Judging the Line   1 comment

Christians are commanded by God through His scripture to be under authority. Our first allegiance is to His authority, but He also sets pastors and governments over us. Sometimes, however, those other people are wrong in their governance, using their authority for evil rather than for what God commands. When that happens, Christians are called to obey God rather than man and that can result in civil disobedience.

So where do we draw the line?

Christians should certainly stand with Peter and Andrew in insisting that our gospel preaching is inviolate. Today, there are Christians who violate the law of their countries just by believing what they believe, but more so when they talk about what they believe. Muslims who convert to Christianity face a death sentence in at least a half-dozen countries. In other countries, you can be a Christian so long as you keep it silent, but there are heavy penalties if you talk about it. Christians are under no spiritual obligation to obey the laws of those countries. Yes, they may be killed for their beliefs or activities. There is no shame to die in the service of the Savior.

There are some moral outrages that no men of conscience could accept. The order by Nazis to turn in Jews for transport to the death camps comes to mind. The ten Boom family were not the only Christians to resist that law with their very lives. Unknown to many Christians, however, is the fact that many pastors in Europe told their followers to stand down, to obey the authorities because, as commanded by Romans 13, Christians are to submit to the government authorities. I suspect God will have something to say to those pastors at either the White Throne Judgement (depart from Me, I never knew you) or the Bema Seat Judgment (when, I believe, Christians will be given just a brief glimpse of how God saw our sins before He forgave it) and they won’t like what God has to say.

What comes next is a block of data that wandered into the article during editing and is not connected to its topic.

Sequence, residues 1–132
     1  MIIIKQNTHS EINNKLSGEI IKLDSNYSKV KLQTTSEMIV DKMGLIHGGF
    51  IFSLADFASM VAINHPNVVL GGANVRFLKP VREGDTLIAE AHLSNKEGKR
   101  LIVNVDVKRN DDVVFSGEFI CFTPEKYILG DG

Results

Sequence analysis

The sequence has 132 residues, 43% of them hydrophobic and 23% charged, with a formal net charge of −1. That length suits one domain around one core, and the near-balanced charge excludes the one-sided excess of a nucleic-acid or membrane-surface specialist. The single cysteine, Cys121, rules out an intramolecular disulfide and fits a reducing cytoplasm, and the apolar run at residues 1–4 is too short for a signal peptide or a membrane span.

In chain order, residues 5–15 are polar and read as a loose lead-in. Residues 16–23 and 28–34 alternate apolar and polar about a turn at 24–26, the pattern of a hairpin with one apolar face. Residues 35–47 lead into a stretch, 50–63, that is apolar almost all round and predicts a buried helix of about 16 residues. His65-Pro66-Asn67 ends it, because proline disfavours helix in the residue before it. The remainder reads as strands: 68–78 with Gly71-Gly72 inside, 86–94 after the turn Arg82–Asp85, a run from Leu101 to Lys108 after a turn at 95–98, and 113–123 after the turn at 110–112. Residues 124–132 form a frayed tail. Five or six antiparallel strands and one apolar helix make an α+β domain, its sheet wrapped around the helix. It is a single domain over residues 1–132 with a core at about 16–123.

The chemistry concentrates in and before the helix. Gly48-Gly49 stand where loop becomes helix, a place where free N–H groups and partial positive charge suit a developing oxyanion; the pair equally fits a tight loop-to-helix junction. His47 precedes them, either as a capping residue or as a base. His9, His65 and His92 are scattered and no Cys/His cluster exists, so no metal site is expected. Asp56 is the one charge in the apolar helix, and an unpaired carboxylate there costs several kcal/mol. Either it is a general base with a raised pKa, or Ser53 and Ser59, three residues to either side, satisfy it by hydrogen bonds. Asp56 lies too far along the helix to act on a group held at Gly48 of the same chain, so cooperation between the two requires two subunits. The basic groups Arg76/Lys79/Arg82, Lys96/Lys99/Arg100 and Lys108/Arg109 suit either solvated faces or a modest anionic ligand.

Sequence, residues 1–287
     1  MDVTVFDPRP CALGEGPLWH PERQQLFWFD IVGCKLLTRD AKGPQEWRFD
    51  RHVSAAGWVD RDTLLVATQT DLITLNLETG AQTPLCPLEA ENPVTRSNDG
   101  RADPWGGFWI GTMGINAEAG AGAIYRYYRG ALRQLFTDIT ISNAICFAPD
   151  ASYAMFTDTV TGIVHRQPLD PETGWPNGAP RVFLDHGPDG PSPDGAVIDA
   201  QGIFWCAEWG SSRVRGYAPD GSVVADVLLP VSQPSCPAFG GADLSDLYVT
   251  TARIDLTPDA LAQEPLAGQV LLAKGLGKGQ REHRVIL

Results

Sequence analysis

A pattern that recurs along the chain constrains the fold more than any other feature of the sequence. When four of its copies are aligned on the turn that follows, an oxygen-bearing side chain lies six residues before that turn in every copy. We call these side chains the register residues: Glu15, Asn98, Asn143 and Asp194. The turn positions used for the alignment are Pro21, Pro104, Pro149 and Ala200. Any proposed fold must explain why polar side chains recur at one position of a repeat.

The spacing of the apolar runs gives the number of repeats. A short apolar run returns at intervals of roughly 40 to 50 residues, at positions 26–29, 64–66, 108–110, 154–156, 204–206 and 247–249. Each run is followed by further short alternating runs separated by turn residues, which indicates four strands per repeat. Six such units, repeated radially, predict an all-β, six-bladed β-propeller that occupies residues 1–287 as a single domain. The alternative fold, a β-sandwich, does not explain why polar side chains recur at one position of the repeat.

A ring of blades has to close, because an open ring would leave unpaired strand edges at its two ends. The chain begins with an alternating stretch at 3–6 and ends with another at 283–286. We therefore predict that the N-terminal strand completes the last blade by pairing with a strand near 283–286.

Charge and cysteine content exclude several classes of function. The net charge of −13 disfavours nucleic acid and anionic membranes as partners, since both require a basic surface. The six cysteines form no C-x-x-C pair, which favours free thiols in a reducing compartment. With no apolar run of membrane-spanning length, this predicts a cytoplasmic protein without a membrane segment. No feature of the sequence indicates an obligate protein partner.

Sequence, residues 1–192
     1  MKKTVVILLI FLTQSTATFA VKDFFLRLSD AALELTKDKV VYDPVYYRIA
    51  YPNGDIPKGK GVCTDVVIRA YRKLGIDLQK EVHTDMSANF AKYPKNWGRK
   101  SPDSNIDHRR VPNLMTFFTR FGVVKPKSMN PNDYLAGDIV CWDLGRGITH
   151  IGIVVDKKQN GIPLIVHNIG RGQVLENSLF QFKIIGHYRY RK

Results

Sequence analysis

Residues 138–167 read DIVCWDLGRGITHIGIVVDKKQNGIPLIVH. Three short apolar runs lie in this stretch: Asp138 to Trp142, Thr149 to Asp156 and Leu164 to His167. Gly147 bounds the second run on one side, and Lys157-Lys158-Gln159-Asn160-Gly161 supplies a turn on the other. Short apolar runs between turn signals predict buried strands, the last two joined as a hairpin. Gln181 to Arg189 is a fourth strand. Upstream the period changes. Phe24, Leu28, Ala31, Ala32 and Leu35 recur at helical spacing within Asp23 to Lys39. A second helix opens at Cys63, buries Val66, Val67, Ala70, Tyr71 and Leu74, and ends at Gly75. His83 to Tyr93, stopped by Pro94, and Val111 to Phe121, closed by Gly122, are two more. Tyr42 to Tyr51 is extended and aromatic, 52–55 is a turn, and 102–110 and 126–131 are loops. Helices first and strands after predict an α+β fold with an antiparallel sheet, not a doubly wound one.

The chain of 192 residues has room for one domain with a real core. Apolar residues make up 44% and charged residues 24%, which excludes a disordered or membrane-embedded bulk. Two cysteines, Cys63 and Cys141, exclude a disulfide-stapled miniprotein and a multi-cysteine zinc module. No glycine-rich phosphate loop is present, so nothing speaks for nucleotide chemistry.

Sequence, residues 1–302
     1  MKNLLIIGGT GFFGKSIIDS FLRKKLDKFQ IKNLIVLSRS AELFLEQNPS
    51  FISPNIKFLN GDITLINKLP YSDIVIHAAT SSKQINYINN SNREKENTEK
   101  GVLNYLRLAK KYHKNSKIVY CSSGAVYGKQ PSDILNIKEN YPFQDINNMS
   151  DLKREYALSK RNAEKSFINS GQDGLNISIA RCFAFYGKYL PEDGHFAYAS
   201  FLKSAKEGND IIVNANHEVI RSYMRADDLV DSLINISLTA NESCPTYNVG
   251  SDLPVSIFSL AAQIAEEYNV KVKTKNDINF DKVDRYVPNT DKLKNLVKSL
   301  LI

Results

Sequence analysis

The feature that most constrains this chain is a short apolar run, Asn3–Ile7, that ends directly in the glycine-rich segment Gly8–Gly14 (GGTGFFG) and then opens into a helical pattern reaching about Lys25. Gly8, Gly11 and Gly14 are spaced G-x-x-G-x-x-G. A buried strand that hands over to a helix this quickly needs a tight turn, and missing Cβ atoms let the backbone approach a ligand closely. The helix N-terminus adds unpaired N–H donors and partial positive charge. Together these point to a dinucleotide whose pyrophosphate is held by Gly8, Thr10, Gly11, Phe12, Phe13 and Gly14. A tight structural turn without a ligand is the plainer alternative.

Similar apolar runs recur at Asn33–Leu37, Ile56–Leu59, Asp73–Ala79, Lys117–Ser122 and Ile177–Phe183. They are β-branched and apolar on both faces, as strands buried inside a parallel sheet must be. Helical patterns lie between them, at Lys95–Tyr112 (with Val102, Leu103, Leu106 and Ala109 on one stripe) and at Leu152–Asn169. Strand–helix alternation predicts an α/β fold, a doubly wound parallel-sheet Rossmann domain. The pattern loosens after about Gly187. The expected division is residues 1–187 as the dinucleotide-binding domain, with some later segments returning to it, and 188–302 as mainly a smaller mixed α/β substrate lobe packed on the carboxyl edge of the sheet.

How do I know that? Jesus said we were to follow the spirit of the law, not the letter of it. Romans 13 is a good excuse for ignoring tyranny and moral outrage as done by government agents. It doesn’t absolve Christians of our moral obligation to stand for what is right and against what is wrong.

Such horrible examples, however, do not really help us to know where the line is.

In 17th-century Japanese were required to show their disrespect for the faith by stepping on a tile bearing the image of Jesus (fumi-e) or face torture and death. A lot of Christians died for their refusal to dishonor God in this way. Today, in the modern West, speech codes with their supporting humiliations, fines and professional shunnings are the bludgeons of choice. Believers must not flinch from speaking the truth in love … no matter the cost.

What shall we say, then, of that gray area where we’re not murdered or muzzled but merely mugged?

I think we might need to examine our own walks before we contemplate that line.

 

One response to “Judging the Line

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  1. Reblogged this on aurorawatcherak and commented:

    Another one in that series and worthy of contemplation as we near an election that many of us see backed by ominous storm clouds.

    Like

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